By: Brittany Hamner
Genericide is when a protectable trademark becomes generic. Courts have defined “generic” as “the genus of which the particular product or service is a species.” Surgicenters of America, Inc. v. Medical Dental Surgeries, Co., 601 F.2d 1011, 1014 (9th Cir. 1979). A generic term is one which describes what the product or service is, and thus is not protectable under trademark law as its use would prevent others from describing the good or service in it of itself.
In the case deeming ASPIRIN generic in the United States, the late Judge Learned Hand set forth a standard for determining whether a mark has become generic:
The single question, as I view it, in all these cases, is merely one of fact: What do the buyers understand by the word for whose use the parties are contending? If they understand by it only the kind of goods sold, them [sic], I take it, it makes no difference whatever what efforts the plaintiff has made to get them to understand more. He has failed, and he cannot say that, when the defendant uses the word, he is taking away customers who wanted to deal with him, however closely disguised he may be allowed to keep his identity.
Bayer Co. v. United Drug Co., 272 F. 505, 509 (S.D.N.Y. 1921).
In addition to aspirin for headache medicine, all of these generic words were once exclusive trademarks:
• Cellophane for “transparent cellulose film.”
• Murphy Bed for a fold-up wall bed.
• Thermos for an insulated beverage container.
• Yo-Yo for the toy.
• Escalator for the mechanical stairs.
• Flip Phone for smartphone with two sections that fold
• Laundromat for coin laundry shop
Genericide can devastate a company’s entire intellectual property portfolio. For example, Google recently faced a threat of genericide for use of its mark to describe searching the web. the Ninth Circuit, the court held that “google” was not a generic term and was a protectable trademark, re-affirming that even if a trademark is widely-used by the generic public as a verb, that does not mean that the trademark is considered generic.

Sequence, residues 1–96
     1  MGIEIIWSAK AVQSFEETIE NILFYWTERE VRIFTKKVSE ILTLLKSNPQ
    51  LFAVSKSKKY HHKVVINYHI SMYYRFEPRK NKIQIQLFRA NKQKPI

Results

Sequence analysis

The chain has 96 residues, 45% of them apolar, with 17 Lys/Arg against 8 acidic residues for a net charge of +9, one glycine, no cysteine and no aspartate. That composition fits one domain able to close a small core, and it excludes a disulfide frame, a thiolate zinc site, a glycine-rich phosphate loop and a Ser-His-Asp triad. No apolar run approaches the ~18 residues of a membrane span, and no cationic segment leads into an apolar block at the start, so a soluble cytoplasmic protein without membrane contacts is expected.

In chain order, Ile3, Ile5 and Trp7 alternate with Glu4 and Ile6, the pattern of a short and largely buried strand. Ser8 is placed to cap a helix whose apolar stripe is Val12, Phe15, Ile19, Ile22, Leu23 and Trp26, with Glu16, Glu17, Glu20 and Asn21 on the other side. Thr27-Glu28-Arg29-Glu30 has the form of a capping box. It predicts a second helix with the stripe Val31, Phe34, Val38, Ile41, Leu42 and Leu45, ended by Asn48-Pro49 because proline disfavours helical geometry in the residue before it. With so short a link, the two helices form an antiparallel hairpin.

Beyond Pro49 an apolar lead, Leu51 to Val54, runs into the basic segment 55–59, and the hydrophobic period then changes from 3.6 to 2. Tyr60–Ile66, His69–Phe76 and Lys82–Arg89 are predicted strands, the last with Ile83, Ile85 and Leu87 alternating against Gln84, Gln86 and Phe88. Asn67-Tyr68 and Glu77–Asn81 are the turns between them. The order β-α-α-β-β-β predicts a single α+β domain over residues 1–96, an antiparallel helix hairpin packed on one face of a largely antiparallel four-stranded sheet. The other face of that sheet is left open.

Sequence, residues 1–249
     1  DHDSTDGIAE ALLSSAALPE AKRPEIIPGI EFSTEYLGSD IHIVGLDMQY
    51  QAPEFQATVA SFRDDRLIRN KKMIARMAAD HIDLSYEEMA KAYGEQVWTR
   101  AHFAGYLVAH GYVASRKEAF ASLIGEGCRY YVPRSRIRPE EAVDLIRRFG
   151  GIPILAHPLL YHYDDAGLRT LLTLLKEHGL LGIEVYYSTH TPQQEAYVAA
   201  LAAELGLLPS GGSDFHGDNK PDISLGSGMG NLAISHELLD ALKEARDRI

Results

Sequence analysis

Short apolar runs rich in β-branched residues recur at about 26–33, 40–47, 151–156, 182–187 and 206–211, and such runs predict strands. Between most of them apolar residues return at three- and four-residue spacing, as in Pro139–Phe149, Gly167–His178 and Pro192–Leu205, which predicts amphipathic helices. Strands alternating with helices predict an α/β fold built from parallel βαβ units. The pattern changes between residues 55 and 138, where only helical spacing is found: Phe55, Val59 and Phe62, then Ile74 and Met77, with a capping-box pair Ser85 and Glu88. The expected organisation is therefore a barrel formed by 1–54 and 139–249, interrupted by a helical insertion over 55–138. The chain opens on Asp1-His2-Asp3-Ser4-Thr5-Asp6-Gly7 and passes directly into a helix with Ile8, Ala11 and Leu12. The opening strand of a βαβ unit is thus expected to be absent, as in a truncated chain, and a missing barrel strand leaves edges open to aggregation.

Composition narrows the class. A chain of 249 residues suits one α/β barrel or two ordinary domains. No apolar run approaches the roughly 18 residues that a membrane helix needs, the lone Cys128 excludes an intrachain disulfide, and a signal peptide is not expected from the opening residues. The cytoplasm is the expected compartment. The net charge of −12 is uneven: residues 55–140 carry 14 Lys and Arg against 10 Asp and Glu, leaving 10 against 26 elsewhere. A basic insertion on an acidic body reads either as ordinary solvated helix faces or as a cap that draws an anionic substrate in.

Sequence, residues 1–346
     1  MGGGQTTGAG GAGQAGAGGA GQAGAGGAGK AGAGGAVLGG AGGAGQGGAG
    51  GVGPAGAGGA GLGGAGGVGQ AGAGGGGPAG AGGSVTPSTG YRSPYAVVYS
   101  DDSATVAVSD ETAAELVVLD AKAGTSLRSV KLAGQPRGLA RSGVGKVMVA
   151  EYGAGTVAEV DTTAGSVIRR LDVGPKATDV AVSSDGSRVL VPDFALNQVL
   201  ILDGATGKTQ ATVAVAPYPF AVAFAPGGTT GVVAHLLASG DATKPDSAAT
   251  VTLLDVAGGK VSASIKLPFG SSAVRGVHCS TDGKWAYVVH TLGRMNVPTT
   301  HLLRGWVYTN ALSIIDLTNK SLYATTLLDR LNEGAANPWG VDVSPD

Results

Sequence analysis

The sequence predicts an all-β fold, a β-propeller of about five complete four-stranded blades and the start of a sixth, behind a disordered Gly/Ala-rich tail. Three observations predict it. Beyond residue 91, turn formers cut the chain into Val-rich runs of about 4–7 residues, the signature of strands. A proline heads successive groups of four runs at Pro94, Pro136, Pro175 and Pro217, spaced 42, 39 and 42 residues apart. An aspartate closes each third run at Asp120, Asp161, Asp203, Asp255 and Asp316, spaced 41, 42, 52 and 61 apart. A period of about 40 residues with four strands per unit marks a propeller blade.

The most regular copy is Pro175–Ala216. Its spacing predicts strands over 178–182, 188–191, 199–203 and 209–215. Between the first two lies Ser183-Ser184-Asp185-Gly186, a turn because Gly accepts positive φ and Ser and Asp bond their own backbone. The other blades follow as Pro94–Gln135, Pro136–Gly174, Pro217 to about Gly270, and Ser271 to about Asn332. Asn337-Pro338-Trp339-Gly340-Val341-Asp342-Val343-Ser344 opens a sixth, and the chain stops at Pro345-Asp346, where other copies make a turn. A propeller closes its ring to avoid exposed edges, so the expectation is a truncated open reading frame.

Similarly, other marks were once on their way to becoming generic include XEROX, JEEP, BAND-AID, and KLEENEX. To prevent these trademarks from becoming generic, each trademark owner ran an aggressive ad campaign to educate consumers to view its trademark as a source identifier as opposed to a common name for its goods and/or services.
In order to avoid genericide and protect your mark, owners should:
• focus on educating the consumer that their mark is the source of the product, not the product itself
• establish guidelines for the use of their mark, such as determining how their trademark will be used and displayed in commerce – whether it will always carry the ® or ™ signs, or whether it will be used as a verb or noun
• advertise the trademark or brand name along with the general term, instead of just the trademark. For example, “Jell-O gelatin” or “LEVI’s jeans
• police the use of the mark and its use in domains as well as in the media
• describe the mark without including the name of your mark